Do You Need Office 2007 in Your Small Office?

Microsoft Office 2007 is big, bloated and brilliant. There is a plethora of new features for PowerPoint, Word, Excel (the jewel in the crown) and Outlook, my other husband. Microsoft recently brought the 2007 show local and I couldn’t resist spending an intimate day with hundreds of other geeks. When the demonstrator’s overloaded power laptop blue-screened, the crowd of small business owners cheered. We’re a testy bunch when it comes to ROI on computer purchases.

Office 2007 runs on either Windows XP or Vista. The changes we saw were primarily cosmetic but productively important: when it takes employees a while to re-learn what they already know how to do, we lose money on the learning curve. (Using Outlook as a business contact manager was a large part of the demo and deserves its own post.)

The Ribbon
Microsoft Office 2007 Ribbon - click to enlargeThe most user-challenging feature will be the “Ribbon,” which replaces the two friendly toolbars we know, love and customize.

Office 2007 is intuitive. The ribbon morphs unasked into the tasks it thinks you want to do next (called “contextual tabs”). If you’re in a table, it moves to table commands in a disconcerting and resource-sucking visual blip. I predict we’re going to lose monitors due to thrown objects caused by ribbon morphing, but right-clicking is a better alternative. Microsoft promotes it with ‘[T]he tabs on the Ribbon display the commands that are most relevant for each of the task areas in the applications.’ Remember that the question of relevancy is highly individual with power users.

Going Home
Microsoft Office 2007 home buttonThe Home button provides easy access to the most frequently used Office commands. To new 2007 users, it’s an extra click, a superfluous layer, another mouse move but in reality, it’s the place to click to share, print, publish, and send documents.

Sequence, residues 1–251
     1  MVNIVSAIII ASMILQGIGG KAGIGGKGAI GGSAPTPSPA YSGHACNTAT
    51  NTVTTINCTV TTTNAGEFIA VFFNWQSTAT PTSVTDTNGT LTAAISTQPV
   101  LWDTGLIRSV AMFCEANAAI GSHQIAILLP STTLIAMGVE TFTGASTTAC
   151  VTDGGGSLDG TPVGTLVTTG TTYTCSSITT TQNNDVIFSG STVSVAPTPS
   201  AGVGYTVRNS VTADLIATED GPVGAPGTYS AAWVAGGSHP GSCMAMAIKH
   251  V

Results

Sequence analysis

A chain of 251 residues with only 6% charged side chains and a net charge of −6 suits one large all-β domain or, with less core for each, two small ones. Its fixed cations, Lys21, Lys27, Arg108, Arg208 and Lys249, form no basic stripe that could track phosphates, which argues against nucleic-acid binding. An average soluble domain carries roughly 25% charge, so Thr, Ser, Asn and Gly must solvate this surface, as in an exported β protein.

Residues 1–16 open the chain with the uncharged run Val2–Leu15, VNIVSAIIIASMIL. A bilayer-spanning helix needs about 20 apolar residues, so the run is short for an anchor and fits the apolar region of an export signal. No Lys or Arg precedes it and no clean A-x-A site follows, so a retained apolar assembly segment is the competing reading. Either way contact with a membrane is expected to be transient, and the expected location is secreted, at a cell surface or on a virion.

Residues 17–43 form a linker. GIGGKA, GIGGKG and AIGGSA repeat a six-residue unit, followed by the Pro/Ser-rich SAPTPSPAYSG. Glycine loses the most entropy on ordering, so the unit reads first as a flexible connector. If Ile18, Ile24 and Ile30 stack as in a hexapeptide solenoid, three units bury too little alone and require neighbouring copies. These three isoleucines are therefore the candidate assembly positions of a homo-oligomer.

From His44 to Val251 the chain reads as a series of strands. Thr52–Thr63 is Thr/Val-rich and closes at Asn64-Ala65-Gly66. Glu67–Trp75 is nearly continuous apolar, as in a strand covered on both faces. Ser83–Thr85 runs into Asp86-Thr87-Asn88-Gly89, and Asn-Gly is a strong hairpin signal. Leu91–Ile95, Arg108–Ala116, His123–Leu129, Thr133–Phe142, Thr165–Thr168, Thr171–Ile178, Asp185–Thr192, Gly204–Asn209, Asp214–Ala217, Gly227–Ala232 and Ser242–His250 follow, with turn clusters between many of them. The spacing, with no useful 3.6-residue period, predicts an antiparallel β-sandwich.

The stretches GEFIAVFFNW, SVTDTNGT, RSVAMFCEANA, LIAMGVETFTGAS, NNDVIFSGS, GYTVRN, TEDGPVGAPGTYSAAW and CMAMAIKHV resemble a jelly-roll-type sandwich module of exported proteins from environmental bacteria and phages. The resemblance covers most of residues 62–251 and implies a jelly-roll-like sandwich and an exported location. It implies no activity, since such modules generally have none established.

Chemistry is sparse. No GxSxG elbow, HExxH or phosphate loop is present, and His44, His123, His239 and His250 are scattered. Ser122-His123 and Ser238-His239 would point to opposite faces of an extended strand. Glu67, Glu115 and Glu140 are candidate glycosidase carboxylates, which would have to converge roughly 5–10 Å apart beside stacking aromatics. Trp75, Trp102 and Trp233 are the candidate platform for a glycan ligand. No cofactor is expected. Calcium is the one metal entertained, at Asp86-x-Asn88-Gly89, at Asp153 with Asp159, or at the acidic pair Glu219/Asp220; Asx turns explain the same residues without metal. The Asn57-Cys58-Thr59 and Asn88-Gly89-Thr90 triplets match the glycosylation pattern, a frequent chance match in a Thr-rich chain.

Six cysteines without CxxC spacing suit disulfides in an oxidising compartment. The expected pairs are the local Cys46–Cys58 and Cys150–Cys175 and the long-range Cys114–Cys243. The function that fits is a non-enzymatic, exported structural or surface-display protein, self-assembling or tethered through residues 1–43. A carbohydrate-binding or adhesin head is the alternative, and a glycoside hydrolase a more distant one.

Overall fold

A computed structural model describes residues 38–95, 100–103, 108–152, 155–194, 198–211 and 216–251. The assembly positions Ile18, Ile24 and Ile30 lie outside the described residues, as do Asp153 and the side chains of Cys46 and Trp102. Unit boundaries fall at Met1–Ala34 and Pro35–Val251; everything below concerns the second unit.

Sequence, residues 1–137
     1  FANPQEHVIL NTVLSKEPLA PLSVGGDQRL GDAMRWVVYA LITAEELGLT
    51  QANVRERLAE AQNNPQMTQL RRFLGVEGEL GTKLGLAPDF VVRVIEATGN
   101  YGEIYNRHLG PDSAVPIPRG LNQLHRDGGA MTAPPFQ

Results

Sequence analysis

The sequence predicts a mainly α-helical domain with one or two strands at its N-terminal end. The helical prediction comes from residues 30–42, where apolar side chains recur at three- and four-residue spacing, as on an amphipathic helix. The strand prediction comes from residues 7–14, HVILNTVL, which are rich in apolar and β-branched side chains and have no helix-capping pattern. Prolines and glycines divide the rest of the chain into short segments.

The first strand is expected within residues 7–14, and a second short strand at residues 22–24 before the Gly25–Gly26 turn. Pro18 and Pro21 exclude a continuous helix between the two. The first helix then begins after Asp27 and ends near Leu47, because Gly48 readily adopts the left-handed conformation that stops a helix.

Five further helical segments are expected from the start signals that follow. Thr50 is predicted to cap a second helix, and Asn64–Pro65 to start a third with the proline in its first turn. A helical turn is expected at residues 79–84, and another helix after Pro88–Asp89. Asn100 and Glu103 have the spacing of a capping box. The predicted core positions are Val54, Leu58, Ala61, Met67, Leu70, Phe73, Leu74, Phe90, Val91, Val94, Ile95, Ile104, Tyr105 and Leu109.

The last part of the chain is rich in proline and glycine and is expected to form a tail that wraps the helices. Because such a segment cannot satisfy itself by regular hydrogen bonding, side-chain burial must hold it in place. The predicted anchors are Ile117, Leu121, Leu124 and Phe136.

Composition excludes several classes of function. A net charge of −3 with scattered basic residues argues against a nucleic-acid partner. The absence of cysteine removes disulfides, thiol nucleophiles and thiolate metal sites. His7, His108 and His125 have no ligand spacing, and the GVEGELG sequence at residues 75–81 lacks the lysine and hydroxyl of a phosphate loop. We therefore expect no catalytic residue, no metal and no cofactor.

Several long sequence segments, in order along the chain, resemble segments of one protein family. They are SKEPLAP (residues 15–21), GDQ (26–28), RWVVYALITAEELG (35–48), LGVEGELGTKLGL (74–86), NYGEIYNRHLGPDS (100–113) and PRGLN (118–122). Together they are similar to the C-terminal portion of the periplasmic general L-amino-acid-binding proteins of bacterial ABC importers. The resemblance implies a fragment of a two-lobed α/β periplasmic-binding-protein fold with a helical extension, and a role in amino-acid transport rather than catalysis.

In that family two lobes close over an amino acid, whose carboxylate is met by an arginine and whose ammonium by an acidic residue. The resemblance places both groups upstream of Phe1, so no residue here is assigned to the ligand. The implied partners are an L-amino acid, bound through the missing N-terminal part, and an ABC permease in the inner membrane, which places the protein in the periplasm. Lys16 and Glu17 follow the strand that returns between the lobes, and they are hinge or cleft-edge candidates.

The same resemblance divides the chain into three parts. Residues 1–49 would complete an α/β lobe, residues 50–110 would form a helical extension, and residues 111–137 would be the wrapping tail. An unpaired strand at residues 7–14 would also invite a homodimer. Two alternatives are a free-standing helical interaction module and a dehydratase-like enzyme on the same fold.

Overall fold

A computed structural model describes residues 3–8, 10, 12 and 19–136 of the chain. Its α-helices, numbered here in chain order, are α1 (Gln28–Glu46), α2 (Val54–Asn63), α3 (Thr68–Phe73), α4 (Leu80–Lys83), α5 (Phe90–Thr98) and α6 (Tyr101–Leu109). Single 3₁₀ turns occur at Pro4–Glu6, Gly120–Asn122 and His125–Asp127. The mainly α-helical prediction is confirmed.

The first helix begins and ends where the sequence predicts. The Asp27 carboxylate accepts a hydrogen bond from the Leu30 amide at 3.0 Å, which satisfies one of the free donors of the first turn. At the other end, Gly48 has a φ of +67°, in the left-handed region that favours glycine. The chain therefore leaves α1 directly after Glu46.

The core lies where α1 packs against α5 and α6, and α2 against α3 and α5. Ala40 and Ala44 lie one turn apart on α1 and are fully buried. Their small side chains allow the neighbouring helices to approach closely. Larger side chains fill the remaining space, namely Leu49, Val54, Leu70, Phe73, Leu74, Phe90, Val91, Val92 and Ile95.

Emailing files
Do you send Word or Excel files? Word 2007 saves in a new format (no more .doc) and you’ll have to “save as” an “older” version (that’d be XP, which is lumped into Office 95 as an antique format) to share with those not yet blessed with Office 2007. A happy new feature is “save-to-PDF” and sending PDF files is the best choice anyway. Recommendation: send PDF files whenever possible.

Do you have the techno-horsepower?
Upgrading your current Office version might be cheaper than buying new, but it is time-consuming to load, resource-intensive and requires more RAM and better video (especially if you’re considering Vista). Office 2007 is exceptionally graphical (and resource-intensive). In preparation, we upgraded our machines from 1Gb to 3Gb of RAM (older RAM costs less) and double-checked the video cards to make sure they had at least 128Mb of on-board RAM (we replaced only two because we knew it was coming 2 years ago). Call your IT folks and talk it all over before buying Office 2007 or Vista.

The money question
Does your business need Office 2007 with its bells, whistles, contextual tabs, galleries and Ribbon now? At the demo, the leader pointed out that things the “geeks” could do are now available to “regular” users like ‘us’ (well, them). The quandary: those things were always available and regular users could rarely do them so what makes you think they’re going to start doing them now because they’re prettier?

The bottom line
The reviews are in. ZDNet advises that if your current version works, don’t upgrade even though there are significant improvements to Excel formula referencing, pretty PowerPoint, and better document recovery. They note that the drastic design changes demand a steep learning curve and the new interface isn’t intuitive.

If you’ve got power users, they’re going to love Office 2007. Regular users will face a learning slippery incline (not quite a steep curve). Your costs for both software and people frustration may vary.

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